guerre is a war. I should have inferred this from the capitalization of the phrase « Seconde Guerre mondiale ».
lors de la guerre then becomes "lors de la war", or "during the war" - a compound "transitive" preposition. (TIL about the idea of transitive and intransitive prepositions.)
fut is some past tense thing; seems to be the simple past of être (to be).
se déroula is like de-rolling - unrolling, in this use more abstractly as in "to unfold, to proceed", or, as Google translates it, "took place". I can't quite figure out the se part.
d'août is just the month of August!
était is the imperfect past tense, again of être.
près de is what you get when you press things together: they end up close to each other. Specifically, près de 40 000 militaires are nearly 40,000 soldiers.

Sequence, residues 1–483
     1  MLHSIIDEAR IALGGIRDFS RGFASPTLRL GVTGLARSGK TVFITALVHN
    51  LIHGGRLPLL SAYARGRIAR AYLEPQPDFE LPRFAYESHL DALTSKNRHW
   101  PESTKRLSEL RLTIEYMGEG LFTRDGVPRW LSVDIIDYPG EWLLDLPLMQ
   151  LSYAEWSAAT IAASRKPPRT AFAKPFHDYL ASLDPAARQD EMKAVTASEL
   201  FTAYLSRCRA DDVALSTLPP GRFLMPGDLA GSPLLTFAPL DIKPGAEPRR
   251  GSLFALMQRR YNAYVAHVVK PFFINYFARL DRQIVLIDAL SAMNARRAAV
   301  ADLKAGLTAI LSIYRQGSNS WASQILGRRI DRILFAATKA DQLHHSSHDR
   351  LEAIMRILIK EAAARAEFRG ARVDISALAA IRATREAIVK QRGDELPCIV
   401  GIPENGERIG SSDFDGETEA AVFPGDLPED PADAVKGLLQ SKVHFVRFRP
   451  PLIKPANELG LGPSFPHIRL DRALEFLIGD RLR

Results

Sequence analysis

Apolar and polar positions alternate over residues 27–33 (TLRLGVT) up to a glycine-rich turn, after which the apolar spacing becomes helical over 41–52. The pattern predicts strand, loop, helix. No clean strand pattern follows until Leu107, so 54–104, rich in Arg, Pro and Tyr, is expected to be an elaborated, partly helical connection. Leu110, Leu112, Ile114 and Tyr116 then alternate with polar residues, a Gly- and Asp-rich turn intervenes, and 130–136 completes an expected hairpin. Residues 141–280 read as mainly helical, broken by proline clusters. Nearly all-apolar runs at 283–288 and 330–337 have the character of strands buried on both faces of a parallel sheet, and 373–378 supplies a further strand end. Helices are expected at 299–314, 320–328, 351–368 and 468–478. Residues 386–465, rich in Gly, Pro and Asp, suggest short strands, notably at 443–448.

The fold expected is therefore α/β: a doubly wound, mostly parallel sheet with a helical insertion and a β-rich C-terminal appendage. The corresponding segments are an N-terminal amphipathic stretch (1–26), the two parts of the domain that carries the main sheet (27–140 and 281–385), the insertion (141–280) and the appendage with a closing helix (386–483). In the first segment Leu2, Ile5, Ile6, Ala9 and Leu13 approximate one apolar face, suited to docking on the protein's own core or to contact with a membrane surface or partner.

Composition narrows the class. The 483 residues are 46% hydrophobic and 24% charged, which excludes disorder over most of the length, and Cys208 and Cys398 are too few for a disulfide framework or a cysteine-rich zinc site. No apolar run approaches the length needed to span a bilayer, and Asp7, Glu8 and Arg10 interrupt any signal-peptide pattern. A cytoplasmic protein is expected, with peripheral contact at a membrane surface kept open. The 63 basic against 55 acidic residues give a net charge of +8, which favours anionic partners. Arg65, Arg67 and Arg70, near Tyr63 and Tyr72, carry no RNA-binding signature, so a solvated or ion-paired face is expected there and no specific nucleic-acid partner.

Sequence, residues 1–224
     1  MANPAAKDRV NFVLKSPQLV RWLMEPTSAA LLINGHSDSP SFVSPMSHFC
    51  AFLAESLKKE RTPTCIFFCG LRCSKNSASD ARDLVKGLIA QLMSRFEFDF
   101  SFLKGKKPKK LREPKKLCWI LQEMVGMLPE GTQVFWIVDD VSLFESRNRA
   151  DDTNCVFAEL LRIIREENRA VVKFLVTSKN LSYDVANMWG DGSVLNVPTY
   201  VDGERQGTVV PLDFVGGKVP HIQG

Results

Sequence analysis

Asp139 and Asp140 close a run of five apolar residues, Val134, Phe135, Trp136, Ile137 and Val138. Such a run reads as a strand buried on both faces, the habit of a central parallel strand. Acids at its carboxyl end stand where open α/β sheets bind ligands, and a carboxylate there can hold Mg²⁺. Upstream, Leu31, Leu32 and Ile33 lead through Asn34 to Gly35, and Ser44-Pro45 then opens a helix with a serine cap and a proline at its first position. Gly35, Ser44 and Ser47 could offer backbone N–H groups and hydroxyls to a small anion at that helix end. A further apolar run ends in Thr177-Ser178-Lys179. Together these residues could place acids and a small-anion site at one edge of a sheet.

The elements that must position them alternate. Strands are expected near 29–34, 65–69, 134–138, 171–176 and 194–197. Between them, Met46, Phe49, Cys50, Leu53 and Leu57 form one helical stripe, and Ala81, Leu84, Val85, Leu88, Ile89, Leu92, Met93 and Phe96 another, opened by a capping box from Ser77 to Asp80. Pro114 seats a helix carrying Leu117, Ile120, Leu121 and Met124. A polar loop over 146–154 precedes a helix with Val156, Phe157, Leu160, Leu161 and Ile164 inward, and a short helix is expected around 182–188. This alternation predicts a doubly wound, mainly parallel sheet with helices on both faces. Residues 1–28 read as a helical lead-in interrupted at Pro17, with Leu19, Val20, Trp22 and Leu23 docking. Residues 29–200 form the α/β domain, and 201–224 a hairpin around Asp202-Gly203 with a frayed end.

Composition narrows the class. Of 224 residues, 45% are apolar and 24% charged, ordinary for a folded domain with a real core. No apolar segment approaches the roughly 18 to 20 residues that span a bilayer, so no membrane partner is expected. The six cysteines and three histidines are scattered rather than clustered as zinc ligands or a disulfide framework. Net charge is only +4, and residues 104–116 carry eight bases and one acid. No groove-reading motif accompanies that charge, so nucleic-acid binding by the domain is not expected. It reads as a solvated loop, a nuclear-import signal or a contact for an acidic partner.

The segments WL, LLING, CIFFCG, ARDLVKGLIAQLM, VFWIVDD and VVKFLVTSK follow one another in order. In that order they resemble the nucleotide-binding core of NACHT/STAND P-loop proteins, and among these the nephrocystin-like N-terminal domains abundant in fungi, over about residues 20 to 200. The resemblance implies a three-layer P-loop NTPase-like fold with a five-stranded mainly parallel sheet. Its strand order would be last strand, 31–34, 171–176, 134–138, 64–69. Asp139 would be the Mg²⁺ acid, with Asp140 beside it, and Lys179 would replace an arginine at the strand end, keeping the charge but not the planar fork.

il s'agit frustrates my attempt to find its idiomatic role. It's clearly the "it is about" meaning of the verb agir - to act, but I can't coax Google to translate "it is" back to s'agit without adding an explicit "about" which clearly doesn't belong in the context of "it is the largest deployment".
depuis is just "since".